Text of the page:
Releases of a natural flightless strain of the ladybird beetle Adalia bipunctata reduce aphid-born honeydew beneath urban lime trees

Abstract

Aphids can cause major environmental problems in urban areas. One important problem is the annual outbreaks of lime aphid, Eucallipterus tiliae (L.) (Hemiptera: Aphididae), which spoil the surroundings of lime trees by depositing honeydew. To date no environmentally friendly method has been demonstrated to yield effective control of lime aphids. Attempts are made in some cities to control lime aphids by releasing larvae of the native two-spot ladybird beetle, Adalia bipunctata (L.) (Coleoptera: Coccinellidae). However, it is known that adult ladybird beetles disperse soon after release, and there is little indication they provide control of the aphids. Here, we demonstrate experimentally that releases of a flightless strain of A. bipunctata, obtained from natural variation in wing length, can reduce the impact of honeydew from lime aphid outbreaks on two species of lime in an urban environment. Both larvae and adult beetles were released, and we discuss the contribution of the flightless adults to the decline in honeydew.

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Acknowledgments

We are grateful to the Slotervaart district and Hans Kaljee from the community of Amsterdam, The Netherlands for the use of the lime trees, and we especially thank Sandro Hooft for support during the experiment. We thank Kees Koops and Martijn Guliker for help in rearing ladybirds, and Koppert B.V. for Ephestia eggs. We thank Miriam Visser and Henry Kuppen for sharing experiences in lime aphid suppression, Bas Zwaan for discussion about the results, and two anonymous reviewers for their constructive comments. This research was supported by the Technology Foundation STW, applied science division of NWO and the technology program of the Dutch Ministry of Economic Affairs, and by Applied Plant Research Wageningen University and Research Centre, Lisse.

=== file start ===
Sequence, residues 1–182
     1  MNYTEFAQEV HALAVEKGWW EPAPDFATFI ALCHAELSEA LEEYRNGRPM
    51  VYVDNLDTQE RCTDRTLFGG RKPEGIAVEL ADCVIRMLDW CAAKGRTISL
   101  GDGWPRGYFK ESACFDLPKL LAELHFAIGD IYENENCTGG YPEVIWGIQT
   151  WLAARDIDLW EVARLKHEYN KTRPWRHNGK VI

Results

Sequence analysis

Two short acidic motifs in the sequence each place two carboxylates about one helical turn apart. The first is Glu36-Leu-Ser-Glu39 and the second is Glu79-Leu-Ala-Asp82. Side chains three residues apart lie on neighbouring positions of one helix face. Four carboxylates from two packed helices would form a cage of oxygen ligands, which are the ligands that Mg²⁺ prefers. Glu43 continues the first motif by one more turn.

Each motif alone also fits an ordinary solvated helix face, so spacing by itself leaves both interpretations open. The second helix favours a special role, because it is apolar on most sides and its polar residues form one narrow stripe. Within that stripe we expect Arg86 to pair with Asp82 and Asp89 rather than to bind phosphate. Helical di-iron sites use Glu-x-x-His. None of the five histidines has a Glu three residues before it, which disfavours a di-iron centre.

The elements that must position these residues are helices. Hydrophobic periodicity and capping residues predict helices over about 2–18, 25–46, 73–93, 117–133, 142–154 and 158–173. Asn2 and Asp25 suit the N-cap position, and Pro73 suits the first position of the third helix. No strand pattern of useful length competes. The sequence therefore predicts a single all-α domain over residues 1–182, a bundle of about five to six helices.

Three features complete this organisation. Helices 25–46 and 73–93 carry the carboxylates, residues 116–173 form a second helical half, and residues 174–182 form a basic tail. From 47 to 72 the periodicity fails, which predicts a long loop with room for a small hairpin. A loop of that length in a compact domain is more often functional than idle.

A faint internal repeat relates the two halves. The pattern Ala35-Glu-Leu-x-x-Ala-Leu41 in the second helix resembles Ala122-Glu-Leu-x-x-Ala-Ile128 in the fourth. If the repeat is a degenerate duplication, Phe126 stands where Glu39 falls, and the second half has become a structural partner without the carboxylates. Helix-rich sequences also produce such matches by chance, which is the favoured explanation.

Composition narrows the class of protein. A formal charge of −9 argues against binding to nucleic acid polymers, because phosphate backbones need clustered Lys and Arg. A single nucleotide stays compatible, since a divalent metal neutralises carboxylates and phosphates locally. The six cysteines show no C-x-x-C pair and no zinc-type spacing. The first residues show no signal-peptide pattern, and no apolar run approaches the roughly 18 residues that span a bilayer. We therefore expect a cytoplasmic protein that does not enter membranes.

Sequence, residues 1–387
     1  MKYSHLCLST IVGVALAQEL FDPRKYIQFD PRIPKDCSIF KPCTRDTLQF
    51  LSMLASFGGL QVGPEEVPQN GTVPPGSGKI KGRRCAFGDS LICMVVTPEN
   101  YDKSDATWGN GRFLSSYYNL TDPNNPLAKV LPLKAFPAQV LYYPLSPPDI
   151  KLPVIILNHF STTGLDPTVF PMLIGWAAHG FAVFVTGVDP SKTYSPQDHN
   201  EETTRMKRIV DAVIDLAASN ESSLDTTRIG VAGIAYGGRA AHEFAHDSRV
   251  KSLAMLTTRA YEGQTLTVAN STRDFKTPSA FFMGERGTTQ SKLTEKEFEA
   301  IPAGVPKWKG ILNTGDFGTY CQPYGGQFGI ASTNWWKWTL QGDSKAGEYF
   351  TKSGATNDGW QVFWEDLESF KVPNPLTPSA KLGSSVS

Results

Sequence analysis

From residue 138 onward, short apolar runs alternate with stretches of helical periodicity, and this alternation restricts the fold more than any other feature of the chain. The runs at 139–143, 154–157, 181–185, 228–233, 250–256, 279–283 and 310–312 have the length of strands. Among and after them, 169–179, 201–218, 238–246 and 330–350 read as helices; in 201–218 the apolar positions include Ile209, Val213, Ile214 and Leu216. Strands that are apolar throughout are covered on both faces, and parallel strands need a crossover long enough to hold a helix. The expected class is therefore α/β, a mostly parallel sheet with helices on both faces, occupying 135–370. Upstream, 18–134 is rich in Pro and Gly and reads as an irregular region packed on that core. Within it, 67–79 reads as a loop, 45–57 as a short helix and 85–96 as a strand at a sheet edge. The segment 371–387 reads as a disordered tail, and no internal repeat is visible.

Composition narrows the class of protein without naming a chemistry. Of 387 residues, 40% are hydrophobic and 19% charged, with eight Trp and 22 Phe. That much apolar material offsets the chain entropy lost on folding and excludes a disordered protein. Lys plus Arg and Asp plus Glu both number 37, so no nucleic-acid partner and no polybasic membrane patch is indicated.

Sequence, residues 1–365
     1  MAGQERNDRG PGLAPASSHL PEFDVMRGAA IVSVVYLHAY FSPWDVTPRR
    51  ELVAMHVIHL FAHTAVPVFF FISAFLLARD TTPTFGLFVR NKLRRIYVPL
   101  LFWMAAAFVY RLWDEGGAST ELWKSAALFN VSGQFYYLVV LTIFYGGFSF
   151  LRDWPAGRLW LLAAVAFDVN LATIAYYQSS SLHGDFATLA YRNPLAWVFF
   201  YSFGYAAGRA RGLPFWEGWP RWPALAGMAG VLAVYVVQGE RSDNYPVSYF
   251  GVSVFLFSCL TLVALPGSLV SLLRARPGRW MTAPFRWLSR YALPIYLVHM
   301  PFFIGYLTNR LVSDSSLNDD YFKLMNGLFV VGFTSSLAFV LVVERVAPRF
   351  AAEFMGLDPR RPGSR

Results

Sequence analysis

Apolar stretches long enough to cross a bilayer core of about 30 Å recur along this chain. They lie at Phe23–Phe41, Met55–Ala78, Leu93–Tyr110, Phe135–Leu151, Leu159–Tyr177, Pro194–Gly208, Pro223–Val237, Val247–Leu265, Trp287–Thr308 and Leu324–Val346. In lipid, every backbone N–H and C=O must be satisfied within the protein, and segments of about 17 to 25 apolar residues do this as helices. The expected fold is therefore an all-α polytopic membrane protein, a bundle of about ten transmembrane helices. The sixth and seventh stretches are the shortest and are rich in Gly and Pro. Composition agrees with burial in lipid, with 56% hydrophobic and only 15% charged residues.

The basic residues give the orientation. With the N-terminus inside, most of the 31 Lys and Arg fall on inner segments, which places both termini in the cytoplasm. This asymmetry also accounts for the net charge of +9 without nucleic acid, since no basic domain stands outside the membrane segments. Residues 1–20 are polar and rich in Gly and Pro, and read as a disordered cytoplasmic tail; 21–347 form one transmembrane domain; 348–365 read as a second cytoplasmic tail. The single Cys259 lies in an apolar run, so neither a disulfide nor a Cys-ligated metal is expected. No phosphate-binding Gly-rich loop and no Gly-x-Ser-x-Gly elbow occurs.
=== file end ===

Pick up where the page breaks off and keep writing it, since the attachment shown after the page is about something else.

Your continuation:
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Correspondence to Suzanne T. E. Lommen.

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Lommen, S.T.E., Holness, T.C., van Kuik, A.J. et al. Releases of a natural flightless strain of the ladybird beetle Adalia bipunctata reduce aphid-born honeydew beneath urban lime trees. BioControl 58, 195–204 (2013). https://doi.org/10.1007/s10526-012-9478-7

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Keywords

  • Coccinellidae
  • Biological control
  • Dispersal
  • Eucallipterus tiliae
  • Inundative control
  • Wing polymorphism